After a failed power grab by Jason Kidd that played out on the back pages of the local tabloids, the Nets have traded Kidd's coaching rights to the Milwaukee Bucks for two second round draft picks — one in 2015 and another in 2019. Trading a coach isn't an unprecedented move, but it's an unusual one — and the details of Kidd's departure from Brooklyn are particularly stunning. So how and why did Kidd's tenure as Nets coach come to such an abrupt end?
How did this all begin?
According to Adrian Wojnarowski, Kidd was livid that Derek Fisher and Steve Kerr were given bigger contracts than he'd had as a rookie head coach. But Grantland's Zach Lowe writes that the unrest in Brooklyn goes back even farther: In December and January, Kidd approached Nets ownership to complain about longtime GM Billy King's job performance and his vision for the future. At that time, Kidd suggested the team hire someone from outside the organization for a front-office job above. According to Lowe, those initial talks went nowhere.
So that's when the power grab happened?
Yes, but the seeds had already been planted. The Bucks had sought permission to speak to Kidd earlier in June, via Lowe. And when the Nets were slow to respond, Kidd began to maneuver to redefine his job. He approached Nets ownership seeking an expanded role in which he would have remained head coach and also taken over basketball operations, which would have placed him above longtime general manager Billy King in the organizational hierarchy. (He did not want to be general manager himself, according to the New York Post, which broke the story.) King would have stayed on, since he's owed a lot of money still, but according to Lowe, Kidd planned to eventually fire most (if not all) of the Nets front office. It was a bold attempt at a power grab for Kidd, who had a sometimes-rocky first season as head coach, during which he eventually led the Nets to the second round of the playoffs.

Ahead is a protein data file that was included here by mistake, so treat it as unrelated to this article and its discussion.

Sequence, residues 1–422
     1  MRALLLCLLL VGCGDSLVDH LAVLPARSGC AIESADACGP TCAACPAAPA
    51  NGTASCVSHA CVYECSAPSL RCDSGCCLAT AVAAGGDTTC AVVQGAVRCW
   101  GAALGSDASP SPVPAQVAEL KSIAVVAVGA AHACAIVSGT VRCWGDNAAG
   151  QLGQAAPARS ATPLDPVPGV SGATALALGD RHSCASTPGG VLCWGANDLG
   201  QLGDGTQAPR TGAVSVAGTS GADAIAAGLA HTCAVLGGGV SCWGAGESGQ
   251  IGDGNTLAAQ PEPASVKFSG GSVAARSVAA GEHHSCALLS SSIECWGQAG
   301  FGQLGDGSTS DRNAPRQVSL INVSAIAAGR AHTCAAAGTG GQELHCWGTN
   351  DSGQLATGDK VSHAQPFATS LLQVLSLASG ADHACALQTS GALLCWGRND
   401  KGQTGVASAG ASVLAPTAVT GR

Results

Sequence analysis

Was Nets ownership onboard with Kidd's proposal for a new role?
Nope. They wouldn't give him that kind of power, which is rare for any coach to have, let alone one with so little experience. In fact, the Nets are reportedly looking to cut costs: According to documents obtained by Grantland, the basketball side of the Nets' business lost $144 million last season. (Those numbers are for basketball activities only, meaning they don't include anything the team's owners get from their stake in Barclays Center itself.)
So how did the Bucks get involved?
Mark Lasry, the Bucks' new co-owner, is close with Kidd — he's a former Nets minority owner and once served as Kidd's financial advisor — so it would appear that Kidd told Lasry about his situation. Once Kidd was denied the chance to take on an expanded role, Milwaukee reached out to the Nets and requested permission to speak to Kidd, who still had three years left on his Nets coaching contract. The Nets agreed, and Milwaukee co-owners Lasry and Wes Edens met with Kidd on Friday in New York. According to CBS's Ken Berger, neither the Bucks coach nor their GM was told about the plan to interview Kidd.
So is Kidd taking both their jobs?
No, actually. Presumably, Kidd will become the new Bucks coach, though the status of current coach Larry Drew is unclear. But the Bucks reportedly haven't discussed anything beyond the coaching job with Kidd; in other words, they haven't talked about him taking on any executive duties as well. Bucks GM John Hammon appears to be safe; he actually handled the negotiations with King. ESPN reports that high-ranking Bucks executives David Morway and Dave Babcock are also safe if Kidd becomes the team's coach. That said, the team could still create a front-office position for Kidd, but for now, it's still unclear whether he'll have control over basketball operations beyond his duties as coach.
What happens next for the Nets?
They'll need to hire a new coach. Among the names that have been mentioned already: veteran coaches Lionel Hollins and George Karl, former CSKA Moscow coach Ettore Messina, and Mark Jackson, the former coach of the Warriors and a Brooklyn native.